So, why go native? As far as Prairie Nursery is concerned the question is, why not? There are so many arguments for promoting and preserving native plants. Neil Diboll, our President presents the argument with the 4 “E’s”.


  • Native plants are beautiful. While we busied ourselves with plowing up our prairies a hundred years ago, the English were planting our native wildflowers in their gardens!
  • Natives offer four seasons of interest in the landscape. Trees and shrubs offer flowers and foliage in spring and summer, and bark, berries, and needles in winter. Prairie flowers provide color all summer, and prairie grasses show off their golds and crimsons all winter.
  • Native plants attract a wide variety of exciting wildlife, especially songbirds and butterflies. These welcome visitors add vibrant life to a landscape in every season of the year.


  • Native plants are adapted to the growing conditions of their region. Over the millennia, they have adapted to the extremes of summer heat, drought, and winter cold.
  • Native plants form the foundation of a food chain that supports insects and other invertebrates, which feed the birds, small mammals, and a variety of other creatures. Pesticides should be avoided – they kill beneficial insects and disrupt a natural ecological balance.
  • Native plantings that are matched to prevailing soil and light conditions make soil fertilization unnecessary.
  • Irrigation is not required for native plants to thrive (except under severe drought conditions). Even under extreme conditions, most native plants have specific adaptive strategies that help them survive the tough times.
  • Deep-rooted prairie flowers and grasses infiltrate rainwater which recharges the groundwater and reduces runoff and flooding. Contrast this to the the high percentage of rainfall run-off from lawns that fills storm sewers and adds to flooding and ground water depletion.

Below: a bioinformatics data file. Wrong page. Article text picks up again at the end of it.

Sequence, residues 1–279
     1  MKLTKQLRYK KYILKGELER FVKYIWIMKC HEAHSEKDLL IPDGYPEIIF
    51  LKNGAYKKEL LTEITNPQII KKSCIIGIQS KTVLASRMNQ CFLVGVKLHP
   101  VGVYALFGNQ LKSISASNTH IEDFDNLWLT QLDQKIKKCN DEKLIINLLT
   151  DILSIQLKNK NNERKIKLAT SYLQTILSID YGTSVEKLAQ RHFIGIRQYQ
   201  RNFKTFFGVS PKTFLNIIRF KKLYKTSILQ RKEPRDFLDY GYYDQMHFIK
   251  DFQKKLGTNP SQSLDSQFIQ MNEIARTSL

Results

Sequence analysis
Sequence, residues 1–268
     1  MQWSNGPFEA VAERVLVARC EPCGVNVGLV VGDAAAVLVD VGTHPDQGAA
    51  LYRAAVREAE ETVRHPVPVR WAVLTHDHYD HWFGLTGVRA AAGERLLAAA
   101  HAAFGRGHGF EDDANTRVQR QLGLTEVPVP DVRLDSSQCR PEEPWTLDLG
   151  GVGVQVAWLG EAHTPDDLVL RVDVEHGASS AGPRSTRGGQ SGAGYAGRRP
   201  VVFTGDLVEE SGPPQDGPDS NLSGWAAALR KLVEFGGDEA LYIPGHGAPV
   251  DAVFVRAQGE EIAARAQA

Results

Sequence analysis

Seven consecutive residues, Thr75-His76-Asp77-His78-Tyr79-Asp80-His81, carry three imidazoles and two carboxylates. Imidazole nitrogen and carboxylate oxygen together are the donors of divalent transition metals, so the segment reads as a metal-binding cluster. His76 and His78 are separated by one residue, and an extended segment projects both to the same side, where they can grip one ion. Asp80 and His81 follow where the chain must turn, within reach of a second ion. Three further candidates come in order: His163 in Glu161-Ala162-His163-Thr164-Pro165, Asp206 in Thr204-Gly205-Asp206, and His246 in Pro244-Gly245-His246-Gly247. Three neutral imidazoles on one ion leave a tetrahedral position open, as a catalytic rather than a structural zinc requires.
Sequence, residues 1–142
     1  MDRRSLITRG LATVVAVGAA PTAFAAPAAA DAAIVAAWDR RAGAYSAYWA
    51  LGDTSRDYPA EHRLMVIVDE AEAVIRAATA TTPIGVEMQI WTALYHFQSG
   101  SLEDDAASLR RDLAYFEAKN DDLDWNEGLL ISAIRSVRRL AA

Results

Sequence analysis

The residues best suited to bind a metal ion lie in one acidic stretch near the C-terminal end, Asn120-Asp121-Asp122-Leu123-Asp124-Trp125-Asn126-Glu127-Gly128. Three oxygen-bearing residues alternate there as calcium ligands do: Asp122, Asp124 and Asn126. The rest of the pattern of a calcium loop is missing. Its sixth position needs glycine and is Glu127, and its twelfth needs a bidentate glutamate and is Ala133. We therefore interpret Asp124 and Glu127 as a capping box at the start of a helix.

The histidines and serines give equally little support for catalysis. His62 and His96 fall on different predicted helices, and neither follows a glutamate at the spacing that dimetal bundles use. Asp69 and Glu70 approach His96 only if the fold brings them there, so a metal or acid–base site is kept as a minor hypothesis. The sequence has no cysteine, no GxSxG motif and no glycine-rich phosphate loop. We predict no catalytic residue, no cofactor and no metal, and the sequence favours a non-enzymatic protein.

• Native plants create unsurpassed habitat for wildlife. Recent investigations indicate that native wildflowers attract up to three times as many different species of pollinators compared to non-native plants.


  • Traditional lawns consume large amounts of energy, including gasoline for lawnmowers, petroleum to make herbicides, and energy to mine and fabricate fertilizers. Grass clippings and leaves are often carted off in a truck to be land-filled or composted elsewhere.
  • Native landscapes require little energy input once established. Prairies and wet meadows require only semi-annual burning or mowing. Native woodlands rely on “Nature’s fertilizer” in the form of autumn leaves to provide time-released nutrients.  No need to rake!


  • The low maintenance requirements for a native landscape saves a bundle in upkeep! Economics alone can be an excellent reason to “Go Native!”
  • No need to buy fertilizers, pesticides, fungicides, or other chemicals.
  • No need to pay to install an irrigation system, much less to operate and maintain it.
  • No need to mow a native landscape or hire someone to do it.
  • Reduce equipment repairs on mowers, blowers, and other loud obnoxious machines.
  • Native plants save you time! Who wants to mow the lawn when you can smell the flowers instead?

A native landscape is the personification of the web of life. It begins with us: The survival of native North American vegetation depends upon our dedication to spreading the word and passing on the legacy of these amazing plants to future generations. In our ever changing world, a native landscape brings us back to our “roots” if you will. As a Native American proverb says:

Treat the earth well.
It was not given to you by your parents,
it was loaned to you by your children.
We do not inherit the Earth from our Ancestors,
we borrow it from our Children.

hummingbird at milkweed